In collaboration with the John D. and
Catherine T. MacArthur Foundation’s How
Housing Matters Initiative, Spotlight
on Poverty and Opportunity will be running a series of commentaries
for the next two months exploring the relationship between housing and three
topics: health, economic opportunity, and education. Please be sure to read
Michael Stegman’s “An Introductory Note” to learn more.
This commentary is the sixth installment in
the series, which is entitled “How Housing Matters to Families and Communities.”
rental housing assistance helps more than 4.5 million households access
decent-quality, affordable homes. The affordability and housing quality
provided through rental assistance offer a safe and stable environment in which
to raise healthy children and allow the elderly and disabled
to live independent lives.
the success of rental assistance as a housing program, some worry that it may
inadvertently depress work effort, a concern highlighted by Deven Carlson in
his recent commentary for Spotlight. While there is reason to be concerned about
short-term effects, most studies have found that rental assistance has no long-term
impact on earnings. Indeed, with some
modest enhancements, it’s quite possible that housing assistance could actually
boost economic opportunity.
research conducted by Carlson and his colleagues found that, among low-income
households in Wisconsin, the receipt of a Section 8 housing voucher led to an
initial decline in earnings of about ten percent. This earnings impact faded
over time and eventually became insignificant. In contrast to their findings on
earnings, the researchers found no statistically significant impact on
of an initial negative impact on earnings fading away to insignificance is also
evident in other research studies. For example, it shows up in a study using an experimental design
to look at the receipt of housing vouchers by families receiving welfare
assistance in six cities and a study of women receiving project-based
rental assistance - a
different form of federal rental assistance - using the Panel Study of Income
Dynamics. The one major outlier is a study of housing voucher recipients in Chicago, which found that declines
persisted over time.
In sum, the
weight of the evidence suggests that rental housing assistance may have
short-term effects on earnings, but these impacts generally do not persist.
results surprise both economists and practitioners, but for different reasons. Economists
generally assume that government programs that have the effect of boosting available
income lead to reductions in recipients’ incentives to work. Economists also
point to the requirement that residents of subsidized housing pay 30 percent of
their income for rent—a so-called “marginal tax” that should also reduce work
practitioners focus on the stability provided by rental assistance to argue
that, if anything, rental housing assistance ought to boost employment and
earnings. If one is worried about where to sleep at night, it must be difficult
to focus fully on getting and keeping a job. Moreover, housing vouchers have
the added benefit of helping families move closer to a new work site.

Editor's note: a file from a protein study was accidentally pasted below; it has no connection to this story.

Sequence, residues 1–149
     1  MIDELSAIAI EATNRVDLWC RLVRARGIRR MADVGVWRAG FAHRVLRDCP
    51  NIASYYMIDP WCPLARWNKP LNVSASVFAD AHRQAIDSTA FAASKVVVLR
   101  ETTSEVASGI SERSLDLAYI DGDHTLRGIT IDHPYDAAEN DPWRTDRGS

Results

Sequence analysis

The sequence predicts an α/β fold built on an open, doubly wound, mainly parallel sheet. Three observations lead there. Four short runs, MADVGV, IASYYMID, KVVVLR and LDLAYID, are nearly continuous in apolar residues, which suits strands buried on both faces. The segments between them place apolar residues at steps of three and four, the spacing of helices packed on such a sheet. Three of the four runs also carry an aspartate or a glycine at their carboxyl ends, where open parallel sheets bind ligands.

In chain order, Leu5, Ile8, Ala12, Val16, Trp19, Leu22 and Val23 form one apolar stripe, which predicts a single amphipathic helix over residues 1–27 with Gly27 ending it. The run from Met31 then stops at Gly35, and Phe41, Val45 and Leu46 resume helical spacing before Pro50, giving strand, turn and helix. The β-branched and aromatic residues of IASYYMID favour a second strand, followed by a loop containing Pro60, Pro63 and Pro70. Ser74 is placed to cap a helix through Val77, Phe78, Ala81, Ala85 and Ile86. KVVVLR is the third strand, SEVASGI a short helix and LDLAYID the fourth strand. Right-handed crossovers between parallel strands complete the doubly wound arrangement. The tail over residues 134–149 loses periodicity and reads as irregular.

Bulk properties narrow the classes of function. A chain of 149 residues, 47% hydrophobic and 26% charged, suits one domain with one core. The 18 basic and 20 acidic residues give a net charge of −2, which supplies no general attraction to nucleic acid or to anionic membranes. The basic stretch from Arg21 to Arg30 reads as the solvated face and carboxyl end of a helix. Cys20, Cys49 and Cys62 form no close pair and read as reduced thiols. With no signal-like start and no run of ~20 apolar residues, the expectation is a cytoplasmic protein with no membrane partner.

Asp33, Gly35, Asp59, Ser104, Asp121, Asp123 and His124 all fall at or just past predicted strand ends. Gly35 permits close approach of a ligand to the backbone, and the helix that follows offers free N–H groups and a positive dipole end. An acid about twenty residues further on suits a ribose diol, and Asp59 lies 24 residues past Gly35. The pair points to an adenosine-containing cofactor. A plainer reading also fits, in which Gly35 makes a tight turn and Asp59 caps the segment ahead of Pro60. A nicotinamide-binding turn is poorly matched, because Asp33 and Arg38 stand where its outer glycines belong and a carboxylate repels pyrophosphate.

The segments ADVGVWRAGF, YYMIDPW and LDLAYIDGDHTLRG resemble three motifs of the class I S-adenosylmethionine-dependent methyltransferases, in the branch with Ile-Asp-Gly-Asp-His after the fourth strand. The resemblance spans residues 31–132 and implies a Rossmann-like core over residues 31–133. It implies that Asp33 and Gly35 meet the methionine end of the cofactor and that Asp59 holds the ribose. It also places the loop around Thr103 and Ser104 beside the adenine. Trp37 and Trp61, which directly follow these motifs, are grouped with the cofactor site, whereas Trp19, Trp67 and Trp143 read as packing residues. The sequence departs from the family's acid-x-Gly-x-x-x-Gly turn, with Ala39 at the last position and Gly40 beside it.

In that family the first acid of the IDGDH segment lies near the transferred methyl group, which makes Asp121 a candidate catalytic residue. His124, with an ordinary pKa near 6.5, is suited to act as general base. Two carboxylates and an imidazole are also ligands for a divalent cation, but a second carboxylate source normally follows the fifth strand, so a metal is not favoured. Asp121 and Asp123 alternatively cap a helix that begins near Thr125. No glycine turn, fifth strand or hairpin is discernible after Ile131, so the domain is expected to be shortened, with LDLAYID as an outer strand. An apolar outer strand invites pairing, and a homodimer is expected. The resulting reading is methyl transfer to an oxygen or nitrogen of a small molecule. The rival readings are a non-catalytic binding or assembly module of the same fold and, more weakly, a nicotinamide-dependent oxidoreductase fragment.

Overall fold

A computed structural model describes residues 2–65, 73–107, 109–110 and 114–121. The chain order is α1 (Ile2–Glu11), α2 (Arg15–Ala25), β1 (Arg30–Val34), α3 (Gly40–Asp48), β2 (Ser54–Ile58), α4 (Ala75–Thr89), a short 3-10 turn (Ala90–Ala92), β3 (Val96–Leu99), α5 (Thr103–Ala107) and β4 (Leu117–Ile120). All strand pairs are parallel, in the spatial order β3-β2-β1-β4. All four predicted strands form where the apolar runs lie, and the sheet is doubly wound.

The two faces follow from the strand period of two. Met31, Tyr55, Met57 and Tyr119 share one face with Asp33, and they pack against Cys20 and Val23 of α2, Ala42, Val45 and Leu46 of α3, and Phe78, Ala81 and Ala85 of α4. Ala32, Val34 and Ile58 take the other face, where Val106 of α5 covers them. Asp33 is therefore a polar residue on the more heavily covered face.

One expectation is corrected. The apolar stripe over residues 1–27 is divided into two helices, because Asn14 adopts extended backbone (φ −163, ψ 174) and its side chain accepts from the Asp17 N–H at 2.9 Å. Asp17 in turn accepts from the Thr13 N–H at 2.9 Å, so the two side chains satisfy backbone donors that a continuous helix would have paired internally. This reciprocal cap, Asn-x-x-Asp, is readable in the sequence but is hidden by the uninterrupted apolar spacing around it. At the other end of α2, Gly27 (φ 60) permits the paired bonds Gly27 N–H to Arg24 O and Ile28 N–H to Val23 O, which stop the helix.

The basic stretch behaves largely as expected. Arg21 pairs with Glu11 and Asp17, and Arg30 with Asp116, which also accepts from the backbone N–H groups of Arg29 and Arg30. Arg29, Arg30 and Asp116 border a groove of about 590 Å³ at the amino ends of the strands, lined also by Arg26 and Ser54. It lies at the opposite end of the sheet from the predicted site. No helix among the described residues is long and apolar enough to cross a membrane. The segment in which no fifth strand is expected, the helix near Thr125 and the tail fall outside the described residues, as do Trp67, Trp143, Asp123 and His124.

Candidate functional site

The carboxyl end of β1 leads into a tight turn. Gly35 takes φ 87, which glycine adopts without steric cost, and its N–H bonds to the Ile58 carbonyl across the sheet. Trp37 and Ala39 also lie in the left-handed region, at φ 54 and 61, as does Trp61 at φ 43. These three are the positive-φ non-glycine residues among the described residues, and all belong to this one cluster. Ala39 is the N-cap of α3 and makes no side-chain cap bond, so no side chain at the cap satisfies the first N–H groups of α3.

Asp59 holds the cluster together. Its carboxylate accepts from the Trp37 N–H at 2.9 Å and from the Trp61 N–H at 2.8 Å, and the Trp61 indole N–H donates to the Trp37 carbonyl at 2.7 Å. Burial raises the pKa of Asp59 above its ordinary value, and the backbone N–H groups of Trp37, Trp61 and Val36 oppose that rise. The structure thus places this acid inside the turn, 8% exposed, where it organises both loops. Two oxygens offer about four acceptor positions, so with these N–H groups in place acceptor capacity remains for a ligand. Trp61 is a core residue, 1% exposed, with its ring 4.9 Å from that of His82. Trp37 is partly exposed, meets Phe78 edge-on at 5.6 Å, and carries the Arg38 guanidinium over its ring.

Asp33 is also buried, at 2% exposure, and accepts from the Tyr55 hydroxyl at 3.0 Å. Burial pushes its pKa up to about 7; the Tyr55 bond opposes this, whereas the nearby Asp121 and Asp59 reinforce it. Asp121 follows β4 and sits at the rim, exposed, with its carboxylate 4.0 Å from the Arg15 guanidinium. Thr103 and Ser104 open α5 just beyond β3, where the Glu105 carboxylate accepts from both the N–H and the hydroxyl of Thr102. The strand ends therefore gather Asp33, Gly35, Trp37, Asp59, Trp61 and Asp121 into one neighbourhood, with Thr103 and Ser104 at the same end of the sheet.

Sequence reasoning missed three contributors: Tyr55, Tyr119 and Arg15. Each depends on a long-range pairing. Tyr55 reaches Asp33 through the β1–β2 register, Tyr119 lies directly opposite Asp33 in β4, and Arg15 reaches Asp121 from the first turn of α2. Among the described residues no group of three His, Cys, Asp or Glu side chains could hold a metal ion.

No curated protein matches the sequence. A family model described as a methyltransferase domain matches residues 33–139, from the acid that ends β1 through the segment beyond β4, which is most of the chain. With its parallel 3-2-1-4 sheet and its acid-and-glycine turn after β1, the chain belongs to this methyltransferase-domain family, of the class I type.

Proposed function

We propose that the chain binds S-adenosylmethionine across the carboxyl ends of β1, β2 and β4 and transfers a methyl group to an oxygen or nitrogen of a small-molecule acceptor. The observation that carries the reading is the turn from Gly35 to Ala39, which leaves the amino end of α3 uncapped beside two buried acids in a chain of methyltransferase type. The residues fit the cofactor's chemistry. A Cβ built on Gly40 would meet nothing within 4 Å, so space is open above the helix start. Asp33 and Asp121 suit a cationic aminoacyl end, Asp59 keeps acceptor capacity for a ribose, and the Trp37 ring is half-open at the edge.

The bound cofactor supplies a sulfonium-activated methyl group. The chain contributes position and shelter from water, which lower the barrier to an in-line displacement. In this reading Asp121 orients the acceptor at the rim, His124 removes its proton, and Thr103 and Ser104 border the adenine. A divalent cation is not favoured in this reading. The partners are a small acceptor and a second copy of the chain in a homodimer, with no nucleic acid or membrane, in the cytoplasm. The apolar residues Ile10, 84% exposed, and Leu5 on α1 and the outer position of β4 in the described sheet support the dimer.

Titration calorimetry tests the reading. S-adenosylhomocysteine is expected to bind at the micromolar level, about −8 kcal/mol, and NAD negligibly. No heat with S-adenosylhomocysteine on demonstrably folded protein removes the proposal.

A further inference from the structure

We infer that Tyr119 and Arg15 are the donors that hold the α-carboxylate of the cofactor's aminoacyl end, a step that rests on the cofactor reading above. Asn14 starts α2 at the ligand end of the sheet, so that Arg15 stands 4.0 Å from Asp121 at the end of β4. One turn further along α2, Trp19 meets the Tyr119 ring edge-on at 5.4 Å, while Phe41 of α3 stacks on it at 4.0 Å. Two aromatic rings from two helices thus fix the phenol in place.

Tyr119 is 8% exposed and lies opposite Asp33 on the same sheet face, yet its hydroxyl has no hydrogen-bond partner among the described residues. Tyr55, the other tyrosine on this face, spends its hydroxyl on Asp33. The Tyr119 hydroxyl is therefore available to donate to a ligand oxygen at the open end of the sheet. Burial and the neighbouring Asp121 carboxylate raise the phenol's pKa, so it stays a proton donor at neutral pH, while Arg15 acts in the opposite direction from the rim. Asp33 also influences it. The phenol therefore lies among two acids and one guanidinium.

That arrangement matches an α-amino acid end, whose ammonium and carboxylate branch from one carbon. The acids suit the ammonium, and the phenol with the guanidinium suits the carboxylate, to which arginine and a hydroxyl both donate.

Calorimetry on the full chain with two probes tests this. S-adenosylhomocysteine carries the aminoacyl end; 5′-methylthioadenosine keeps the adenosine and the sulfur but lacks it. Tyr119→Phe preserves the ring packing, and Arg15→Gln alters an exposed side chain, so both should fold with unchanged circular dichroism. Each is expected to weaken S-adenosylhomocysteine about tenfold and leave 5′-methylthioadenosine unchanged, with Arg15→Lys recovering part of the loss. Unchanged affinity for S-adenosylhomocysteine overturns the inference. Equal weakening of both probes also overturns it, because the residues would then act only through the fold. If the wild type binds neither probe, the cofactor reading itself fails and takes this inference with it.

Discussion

In sum, economists
predict a negative impact on work, while practitioners predict a positive
impact, but the results suggest no long-term impacts.
likely explanation is that there are attributes of housing assistance that both
promote and hinder work effort and, over the long-term, these basically offset
each other. The result is no persistent long-term impact.
explanation is correct, it raises the intriguing question of whether one might
be able to modify rental assistance to somehow neutralize the work-hindering
features, allowing the work-promoting aspects of housing assistance to
words, with some modest program enhancements, could housing assistance actually
become a platform for greater economic opportunity? While the evidence base is still
accumulating, there are a number of good reasons to think so.
example, a demonstration
known as Jobs Plus showed that an initiative combining financial incentives for
increased earnings with linkages to services and peer reinforcement could lead
to positive earnings gains among residents of public housing.
initiative called the Family Self-Sufficiency (FSS)
also reported positive results. Currently assisting about
55,000 households in the housing voucher and public housing programs, FSS offers
participants a work incentive and asset-building tool in the form of an escrow
account that grows as participants’ earnings increase and case management to
help them set goals and access services to overcome barriers to work.
are two important next steps to extend the evidence base. The first, which HUD has
already begun, is to launch a rigorous random assignment evaluation of FSS to
verify its effectiveness. If the evaluation confirms its positive impact, FSS
should be scaled up in its current form to help more households make progress
toward economic security.
second step is to study whether a low- or no-cost intervention could be
designed that would allow HUD to incorporate FSS-type features into the very
fabric of rental assistance and offer them to everyone in subsidized housing.
Reid Cramer and I have developed one approach for doing so and would urge
that it be tested rigorously against other alternatives to evaluate costs and
assistance is not an employment program. But that’s no reason to ignore
employment impacts. Let’s take our
knowledge base to the next step in this critical area.
To print a PDF version of this document, click here.
Jeffrey Lubell is executive director of the
Center for Housing Policy.